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dashotgun

me 262 with orginal engines set for restoration

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Couldn't really gather from the article, but I get the feeling its being restored (including the original engines) to original condition for static display and not flying condition? 

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well paul allen at least when he was alive   has the planes at the museum fly and he has a lot of very rare birds

 

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1 minute ago, TonyT said:

Just as well, the engines lasted hours.

 

 

Right. Exactly why I was asking!  The article even expands on initial testing and trials of the airframe being canned due to engine issues:

 

 

 

“On the 17th of May 1946 Colonel Watson flew the aircraft to Patterson Field for the start of this series of trials. It was flown at Patterson and Wright Fields on test work for 4 hours and 40 minutes (8 flights), being flyable at Wright Field in August 1946. Flight trials were discontinued after four engine changes were required during the course of the tests, culminating in two single-engine landings" 

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Well, the practical life of engines could be noticeably lenghtened according to the metal used for some components. The problem of wartime ones was the fact some rare metals were not available anymore for Germany and accordingly they had to use far less resistant ones for critical parts. This was documented during the war. So, it is possible to rebuild far more resistant engines. However, are they going to be reliable is another question...?

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https://airandspace.si.edu/collection-objects/junkers-jumo-004-b-turbojet-engine

 


 

Quote

 

Because of inadequate heat resistant materials, the average life span of the first jet engines were only 25 hours at best.

 

Note the pull ring at the nose cone of Jumo 004. The engine could be started manually using a lawn mower–type pull cord.

 

 

Gulp........ imagine standing in front of a jet pulling a starter cord, what could possibly go wrong!

 

 

The replicas that fly have modern engines with an external casing to replicate the original engines, if I remember correctly they also have a detent on the throttle so you can use the wartime thrust, though you could move through that to use the engines full thrust.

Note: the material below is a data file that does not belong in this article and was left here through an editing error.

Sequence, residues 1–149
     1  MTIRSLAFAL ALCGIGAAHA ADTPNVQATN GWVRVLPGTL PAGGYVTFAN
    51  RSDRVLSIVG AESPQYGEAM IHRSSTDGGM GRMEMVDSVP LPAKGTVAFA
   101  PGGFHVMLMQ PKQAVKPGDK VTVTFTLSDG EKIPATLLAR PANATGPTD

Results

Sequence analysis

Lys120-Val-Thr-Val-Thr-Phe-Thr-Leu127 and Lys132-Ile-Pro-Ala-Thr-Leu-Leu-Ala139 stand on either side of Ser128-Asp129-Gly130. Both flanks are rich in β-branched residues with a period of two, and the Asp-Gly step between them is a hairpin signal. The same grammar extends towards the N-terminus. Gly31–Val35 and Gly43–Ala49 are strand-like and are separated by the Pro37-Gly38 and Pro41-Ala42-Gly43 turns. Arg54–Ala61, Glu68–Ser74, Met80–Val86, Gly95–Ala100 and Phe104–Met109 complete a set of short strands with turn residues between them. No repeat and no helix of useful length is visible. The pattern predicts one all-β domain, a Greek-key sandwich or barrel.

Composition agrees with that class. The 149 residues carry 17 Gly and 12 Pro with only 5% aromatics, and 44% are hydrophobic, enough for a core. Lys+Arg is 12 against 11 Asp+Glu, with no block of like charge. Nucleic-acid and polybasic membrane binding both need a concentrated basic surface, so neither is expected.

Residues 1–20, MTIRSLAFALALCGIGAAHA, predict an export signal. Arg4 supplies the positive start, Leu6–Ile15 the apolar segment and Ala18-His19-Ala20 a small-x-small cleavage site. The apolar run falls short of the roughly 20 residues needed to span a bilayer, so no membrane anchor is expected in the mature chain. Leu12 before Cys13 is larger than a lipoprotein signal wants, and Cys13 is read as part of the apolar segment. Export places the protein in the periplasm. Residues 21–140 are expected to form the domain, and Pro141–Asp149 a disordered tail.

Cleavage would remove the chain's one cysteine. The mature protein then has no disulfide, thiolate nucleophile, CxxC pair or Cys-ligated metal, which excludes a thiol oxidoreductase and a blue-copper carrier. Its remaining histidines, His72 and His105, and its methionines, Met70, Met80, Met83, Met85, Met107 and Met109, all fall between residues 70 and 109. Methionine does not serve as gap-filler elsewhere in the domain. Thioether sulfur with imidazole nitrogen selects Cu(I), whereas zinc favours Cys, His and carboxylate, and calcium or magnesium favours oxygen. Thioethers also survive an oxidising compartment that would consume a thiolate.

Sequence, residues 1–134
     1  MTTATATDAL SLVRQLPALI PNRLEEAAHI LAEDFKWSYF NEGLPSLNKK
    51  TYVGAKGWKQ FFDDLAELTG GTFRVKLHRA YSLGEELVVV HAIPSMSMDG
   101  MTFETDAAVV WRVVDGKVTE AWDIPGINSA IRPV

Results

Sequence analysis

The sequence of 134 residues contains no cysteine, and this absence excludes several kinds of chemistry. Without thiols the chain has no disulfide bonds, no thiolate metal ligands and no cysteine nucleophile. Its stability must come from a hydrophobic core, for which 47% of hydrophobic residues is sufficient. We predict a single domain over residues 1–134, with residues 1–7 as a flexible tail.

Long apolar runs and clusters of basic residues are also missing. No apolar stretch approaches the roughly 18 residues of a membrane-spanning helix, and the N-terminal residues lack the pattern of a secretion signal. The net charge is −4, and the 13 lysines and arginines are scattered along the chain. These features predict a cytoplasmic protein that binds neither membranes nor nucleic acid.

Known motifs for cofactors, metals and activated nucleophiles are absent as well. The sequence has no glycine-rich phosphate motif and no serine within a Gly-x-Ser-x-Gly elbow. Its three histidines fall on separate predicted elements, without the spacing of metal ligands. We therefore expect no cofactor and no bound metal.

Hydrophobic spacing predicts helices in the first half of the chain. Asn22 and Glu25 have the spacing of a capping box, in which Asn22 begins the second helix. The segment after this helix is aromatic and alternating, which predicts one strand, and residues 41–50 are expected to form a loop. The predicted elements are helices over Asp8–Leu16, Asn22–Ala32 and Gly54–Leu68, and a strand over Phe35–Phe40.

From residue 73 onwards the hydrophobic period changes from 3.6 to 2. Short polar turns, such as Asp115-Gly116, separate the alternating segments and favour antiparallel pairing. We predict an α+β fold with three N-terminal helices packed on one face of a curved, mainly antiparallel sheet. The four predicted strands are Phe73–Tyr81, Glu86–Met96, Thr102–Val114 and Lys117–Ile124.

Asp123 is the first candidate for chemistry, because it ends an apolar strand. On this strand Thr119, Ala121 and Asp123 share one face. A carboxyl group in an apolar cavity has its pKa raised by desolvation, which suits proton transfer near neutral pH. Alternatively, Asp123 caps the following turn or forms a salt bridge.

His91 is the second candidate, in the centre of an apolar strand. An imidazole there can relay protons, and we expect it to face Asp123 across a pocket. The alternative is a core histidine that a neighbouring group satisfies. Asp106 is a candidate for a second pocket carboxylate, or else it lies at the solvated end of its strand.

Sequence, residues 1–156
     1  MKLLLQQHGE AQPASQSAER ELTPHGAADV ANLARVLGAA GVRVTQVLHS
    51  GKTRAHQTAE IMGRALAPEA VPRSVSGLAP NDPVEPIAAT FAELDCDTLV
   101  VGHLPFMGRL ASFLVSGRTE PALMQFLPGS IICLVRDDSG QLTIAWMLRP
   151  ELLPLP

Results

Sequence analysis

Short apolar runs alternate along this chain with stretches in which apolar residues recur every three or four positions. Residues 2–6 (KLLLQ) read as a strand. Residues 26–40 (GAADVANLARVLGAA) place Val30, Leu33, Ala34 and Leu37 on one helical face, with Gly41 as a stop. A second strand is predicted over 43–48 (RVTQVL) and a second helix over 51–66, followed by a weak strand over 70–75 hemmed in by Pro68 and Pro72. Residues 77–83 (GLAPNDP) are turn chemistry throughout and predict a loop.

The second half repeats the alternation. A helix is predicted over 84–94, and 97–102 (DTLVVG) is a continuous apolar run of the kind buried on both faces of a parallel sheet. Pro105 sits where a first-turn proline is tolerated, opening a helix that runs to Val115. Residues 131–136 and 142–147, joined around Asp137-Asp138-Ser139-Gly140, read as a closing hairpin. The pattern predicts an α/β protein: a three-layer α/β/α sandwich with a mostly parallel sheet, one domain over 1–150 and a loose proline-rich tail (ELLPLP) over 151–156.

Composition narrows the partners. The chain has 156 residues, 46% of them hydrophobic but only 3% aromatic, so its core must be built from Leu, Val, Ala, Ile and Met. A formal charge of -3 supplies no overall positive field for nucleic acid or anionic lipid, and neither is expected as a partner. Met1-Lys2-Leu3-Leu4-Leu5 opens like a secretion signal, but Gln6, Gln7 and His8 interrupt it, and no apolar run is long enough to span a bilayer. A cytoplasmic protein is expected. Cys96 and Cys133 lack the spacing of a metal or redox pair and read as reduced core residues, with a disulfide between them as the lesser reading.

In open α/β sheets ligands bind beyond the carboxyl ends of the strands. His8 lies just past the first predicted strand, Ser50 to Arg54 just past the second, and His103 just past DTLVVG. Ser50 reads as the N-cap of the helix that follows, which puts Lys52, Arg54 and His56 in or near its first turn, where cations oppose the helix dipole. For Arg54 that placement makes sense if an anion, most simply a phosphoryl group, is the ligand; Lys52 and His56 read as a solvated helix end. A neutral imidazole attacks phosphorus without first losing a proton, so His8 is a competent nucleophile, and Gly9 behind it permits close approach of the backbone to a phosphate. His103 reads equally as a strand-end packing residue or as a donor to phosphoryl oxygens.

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Posted (edited)

That and they would often be built by slave labour, I read of engines in FW190's bursting into flames and seizing up on start up or in flight, such was the sabotage carried out during construction, often at the risk of death.

Edited by TonyT

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Who is the brave soul to take that baby up?  They'd surely need "Eier aus Stahl".  Might be too valuable to fly since there are replicas that do. Can't imagine the D-13 taking to the skies either.

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5 hours ago, TonyT said:

The replicas that fly have modern engines with an external casing to replicate the original engines...

Only to the extent that the external casings replicate the weight distribution for balance purposes (the modern engines used are FAR lighter than the originals). The "replica engines" were never intended to look like Jumo 004 engines.

21_JAN_03_Left__side_view_of_Me.jpg

 

Just sayin'...

 

D

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Posted (edited)

Interesting trivia - the 5 flying replica 262s were built right next door to the FHCAM. I wonder if some of the same people had a hand in re-building this one?

 

Tim

Edited by BiggTim

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Last I heard they were going to make one flight and save it for posterity afterwards. The engines have been rebuilt and have been run on a test stand. I believe many issues with the originals' durability problems have been resolved.

And to clarify about the replica 262s with modern engines: the dummy engines WERE intended to look like the original 004s, at least from the forward access panels when removed. Tischler's team replicated the outside of the main turbine casing of the 004, but smooth on the inside of course. That huge aluminum casting formed the counterweight needed to keep the aircraft balanced properly. The modern engines sit quite far back in the cowling.

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Posted (edited)

https://www.airspacemag.com/history-of-flight/paul-allens-warbirds-180967709/

 

 

First generation technology, the Jumo 004 engines that powered the Me 262 in 1945 had a life expectancy of about 25 hours. When the captured jet was flown in the United States, flight trials were discontinued after eight flights required four engine changes. The Germans had just invented the jet engine and “were learning how to refine it, let alone have it work well in combat,” says Jason Muszala, FHCAM’s manager of restoration and maintenance. A team at Aero Turbine in Stockton, California, working with the original two engines and five others acquired from around the world, has almost tripled their lifespans. Says Muszala: “We have a lot of blueprints, but we basically have to operate the engine, discover the weak points, and figure out how to fix them.”

Edited by dashotgun

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